Religious poetry offers outlet for students

Poetry offers the expression of feelings and ideas, organizing language with rhythm. It creates pictures in the form of ballads, flowing freely with its blank verse and haiku models.

Outside of its complexity, there is a type of poetry that is seldom seen; religious poetry. This distinct form of poetry inspires reverence and devotion for the word of God.

Malcolm McFarlane, 20, a third-year political science student from West Palm Beach, uses religious poetry as his instrument to channel his spirituality through the power and persuasiveness of spoken word.

When McFarlane started writing poetry, he did not view it as a gift, and was inspired by girls more than God.

“I spoke with girls, never looking at my poetry as a gift, but as a means to an end,” McFarlane said. “I stopped writing my senior year because I had nothing left to write for except the audience of one girl.”

He got involved with Every Nation Campus Ministries as a freshman, and began writing again after his conversion.

“I was given new hope and compelled to write again, because I learned that God sacrificed his life for me, and I decided to sacrifice my gift of writing to him,” McFarlane said. “When you encounter God, you can truly reach your potential with your talent.”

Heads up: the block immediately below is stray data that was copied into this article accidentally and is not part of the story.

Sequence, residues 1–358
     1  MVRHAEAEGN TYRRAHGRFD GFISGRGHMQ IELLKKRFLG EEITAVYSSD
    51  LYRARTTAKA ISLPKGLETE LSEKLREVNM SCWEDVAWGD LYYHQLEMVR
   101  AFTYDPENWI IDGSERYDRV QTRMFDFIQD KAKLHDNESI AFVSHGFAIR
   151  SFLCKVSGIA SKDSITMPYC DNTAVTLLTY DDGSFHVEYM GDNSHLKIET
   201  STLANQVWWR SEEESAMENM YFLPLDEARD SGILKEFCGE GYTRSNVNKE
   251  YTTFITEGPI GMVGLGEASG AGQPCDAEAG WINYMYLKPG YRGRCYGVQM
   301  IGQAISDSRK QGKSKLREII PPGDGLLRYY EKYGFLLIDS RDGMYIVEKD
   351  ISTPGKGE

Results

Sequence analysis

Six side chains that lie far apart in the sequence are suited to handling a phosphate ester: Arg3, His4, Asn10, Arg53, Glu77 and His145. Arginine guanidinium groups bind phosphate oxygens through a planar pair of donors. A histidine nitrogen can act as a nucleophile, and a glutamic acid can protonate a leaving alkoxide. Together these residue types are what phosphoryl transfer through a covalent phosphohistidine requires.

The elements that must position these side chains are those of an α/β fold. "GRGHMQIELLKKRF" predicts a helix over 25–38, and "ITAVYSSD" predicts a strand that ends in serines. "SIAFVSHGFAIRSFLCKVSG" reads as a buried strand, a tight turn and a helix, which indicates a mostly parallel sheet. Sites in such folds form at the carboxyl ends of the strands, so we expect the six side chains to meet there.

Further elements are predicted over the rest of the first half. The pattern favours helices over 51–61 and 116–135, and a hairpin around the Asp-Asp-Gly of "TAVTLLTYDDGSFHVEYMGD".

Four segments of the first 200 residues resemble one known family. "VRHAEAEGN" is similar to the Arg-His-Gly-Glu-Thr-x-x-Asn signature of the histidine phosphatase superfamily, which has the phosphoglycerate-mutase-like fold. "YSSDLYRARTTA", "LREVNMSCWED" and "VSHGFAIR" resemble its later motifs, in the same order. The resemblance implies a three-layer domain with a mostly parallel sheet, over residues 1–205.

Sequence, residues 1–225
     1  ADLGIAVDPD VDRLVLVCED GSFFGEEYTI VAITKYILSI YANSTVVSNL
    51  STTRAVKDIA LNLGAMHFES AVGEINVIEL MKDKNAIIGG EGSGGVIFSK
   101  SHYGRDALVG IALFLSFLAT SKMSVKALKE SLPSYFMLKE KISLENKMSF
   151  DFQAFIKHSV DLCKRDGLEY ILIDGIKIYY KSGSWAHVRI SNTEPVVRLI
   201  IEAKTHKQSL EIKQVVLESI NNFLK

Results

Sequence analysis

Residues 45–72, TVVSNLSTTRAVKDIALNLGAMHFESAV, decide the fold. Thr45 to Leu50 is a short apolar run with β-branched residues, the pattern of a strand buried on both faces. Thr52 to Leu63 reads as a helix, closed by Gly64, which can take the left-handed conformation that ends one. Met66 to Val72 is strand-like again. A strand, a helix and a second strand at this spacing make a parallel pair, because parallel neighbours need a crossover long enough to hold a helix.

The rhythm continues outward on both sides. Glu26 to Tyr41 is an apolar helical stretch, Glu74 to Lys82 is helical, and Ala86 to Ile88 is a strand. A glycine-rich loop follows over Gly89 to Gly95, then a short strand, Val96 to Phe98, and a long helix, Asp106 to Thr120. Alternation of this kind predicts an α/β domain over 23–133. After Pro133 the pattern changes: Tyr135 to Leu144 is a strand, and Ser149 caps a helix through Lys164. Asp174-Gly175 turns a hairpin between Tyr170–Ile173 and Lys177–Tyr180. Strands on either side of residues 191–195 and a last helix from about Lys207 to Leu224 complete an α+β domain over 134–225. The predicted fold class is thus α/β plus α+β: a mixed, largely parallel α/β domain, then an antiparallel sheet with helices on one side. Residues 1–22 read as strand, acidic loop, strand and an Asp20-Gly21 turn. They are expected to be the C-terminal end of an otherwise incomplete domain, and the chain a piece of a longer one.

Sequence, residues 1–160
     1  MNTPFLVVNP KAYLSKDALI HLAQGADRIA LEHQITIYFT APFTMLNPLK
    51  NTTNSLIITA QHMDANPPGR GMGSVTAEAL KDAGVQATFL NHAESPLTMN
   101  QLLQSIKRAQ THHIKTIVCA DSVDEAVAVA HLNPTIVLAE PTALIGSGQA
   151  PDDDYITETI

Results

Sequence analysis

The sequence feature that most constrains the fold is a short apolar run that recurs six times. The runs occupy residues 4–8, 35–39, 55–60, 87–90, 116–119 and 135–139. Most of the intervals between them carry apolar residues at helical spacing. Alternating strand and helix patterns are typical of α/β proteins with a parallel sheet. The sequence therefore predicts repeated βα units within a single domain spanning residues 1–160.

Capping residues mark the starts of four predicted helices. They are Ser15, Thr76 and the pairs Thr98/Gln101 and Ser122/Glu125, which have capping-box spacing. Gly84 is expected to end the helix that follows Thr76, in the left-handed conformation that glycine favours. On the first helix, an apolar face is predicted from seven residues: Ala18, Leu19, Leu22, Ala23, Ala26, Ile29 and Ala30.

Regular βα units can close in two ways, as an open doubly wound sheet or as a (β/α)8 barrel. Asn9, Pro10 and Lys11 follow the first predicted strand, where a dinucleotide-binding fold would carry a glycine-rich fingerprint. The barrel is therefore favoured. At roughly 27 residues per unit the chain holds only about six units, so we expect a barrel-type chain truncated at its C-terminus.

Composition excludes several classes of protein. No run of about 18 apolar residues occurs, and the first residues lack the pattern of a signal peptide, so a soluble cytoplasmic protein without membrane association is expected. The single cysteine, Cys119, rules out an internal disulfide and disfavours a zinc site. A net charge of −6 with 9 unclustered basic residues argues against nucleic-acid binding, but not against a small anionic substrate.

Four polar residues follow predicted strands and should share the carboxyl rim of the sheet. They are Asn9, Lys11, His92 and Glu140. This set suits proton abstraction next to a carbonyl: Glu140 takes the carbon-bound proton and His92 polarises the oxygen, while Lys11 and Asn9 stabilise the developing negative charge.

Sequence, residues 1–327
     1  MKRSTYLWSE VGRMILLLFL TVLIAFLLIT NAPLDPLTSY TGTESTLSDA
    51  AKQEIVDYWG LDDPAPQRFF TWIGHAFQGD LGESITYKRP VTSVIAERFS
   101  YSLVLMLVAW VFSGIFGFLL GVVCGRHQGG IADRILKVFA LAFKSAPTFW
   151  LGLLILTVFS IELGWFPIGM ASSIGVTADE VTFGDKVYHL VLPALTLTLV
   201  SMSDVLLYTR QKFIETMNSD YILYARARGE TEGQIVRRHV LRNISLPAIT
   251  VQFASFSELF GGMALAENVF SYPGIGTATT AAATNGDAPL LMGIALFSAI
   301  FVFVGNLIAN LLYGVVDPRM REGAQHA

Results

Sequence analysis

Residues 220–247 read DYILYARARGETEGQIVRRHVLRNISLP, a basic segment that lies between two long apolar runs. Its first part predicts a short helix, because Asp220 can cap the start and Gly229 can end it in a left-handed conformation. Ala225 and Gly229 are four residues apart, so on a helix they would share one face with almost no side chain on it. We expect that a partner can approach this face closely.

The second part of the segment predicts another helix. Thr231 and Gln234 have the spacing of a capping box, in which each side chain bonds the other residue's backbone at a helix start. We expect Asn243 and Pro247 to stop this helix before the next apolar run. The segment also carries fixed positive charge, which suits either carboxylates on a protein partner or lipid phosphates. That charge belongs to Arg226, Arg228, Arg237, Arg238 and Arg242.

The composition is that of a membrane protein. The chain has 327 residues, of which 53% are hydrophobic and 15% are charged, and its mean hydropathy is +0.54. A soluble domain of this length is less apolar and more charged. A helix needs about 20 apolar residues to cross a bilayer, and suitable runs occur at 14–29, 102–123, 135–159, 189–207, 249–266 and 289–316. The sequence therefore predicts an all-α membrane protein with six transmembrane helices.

Dave Hess, a youth pastor at Every Nation Campus Ministry, works as a with young poets to help them use their religion as inspiration for their art.

“Religious poetry is a great way to let people hear your heart, and a great medium for people to hear God, communicating truth in a way that is artistic,” Hess said.

“The specific mission of this ministry is to know Christ, and make him known on FAMU’s campus.”

At Florida State University, Dena Karlin, 21, a fourth-year business management student from Deerfield Beach, began to write poetry her senior year after receiving motivation from her high school friend, Ray Dominguez, who she said saw her potential as a poet.

“I was living in a way in what I thought was Christianity, but I wasn’t under Lordship, and neither was my poetry,” Karlin said. “When I completely gave myself to God, my words didn’t change, but the effects of them had.”

Nico Castro, 20, a third-year accounting student from Palm Bay, started writing by mimicking artists’ verses, and rapping to instrumentals.

He gave his life to God at a Christian concert, and wrote his first poem entitled “Believe.”

“I use my gift to give people an understanding of the Bible through the form of poetry,” Castro said.

“My three E’s of poetry are to exhort, edify and encourage. Religious poetry fluctuates in its forms, but continues to persist with its message.”